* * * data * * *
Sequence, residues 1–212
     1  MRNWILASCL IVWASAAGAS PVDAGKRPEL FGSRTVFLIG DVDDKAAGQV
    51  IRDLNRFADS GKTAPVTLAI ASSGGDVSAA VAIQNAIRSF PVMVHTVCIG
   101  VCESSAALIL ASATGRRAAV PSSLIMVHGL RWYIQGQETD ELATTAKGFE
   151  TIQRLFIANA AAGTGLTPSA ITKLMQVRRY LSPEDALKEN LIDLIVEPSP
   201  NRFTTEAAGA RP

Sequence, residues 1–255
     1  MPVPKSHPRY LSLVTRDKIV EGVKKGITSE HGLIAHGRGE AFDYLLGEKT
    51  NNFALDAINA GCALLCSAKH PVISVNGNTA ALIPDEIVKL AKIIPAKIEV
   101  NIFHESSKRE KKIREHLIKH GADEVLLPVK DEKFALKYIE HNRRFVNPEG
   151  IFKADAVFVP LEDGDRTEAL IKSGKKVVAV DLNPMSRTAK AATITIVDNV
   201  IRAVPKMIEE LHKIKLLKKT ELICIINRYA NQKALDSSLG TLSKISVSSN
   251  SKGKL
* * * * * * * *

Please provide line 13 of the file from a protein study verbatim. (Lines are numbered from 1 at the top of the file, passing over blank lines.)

   251  SKGKL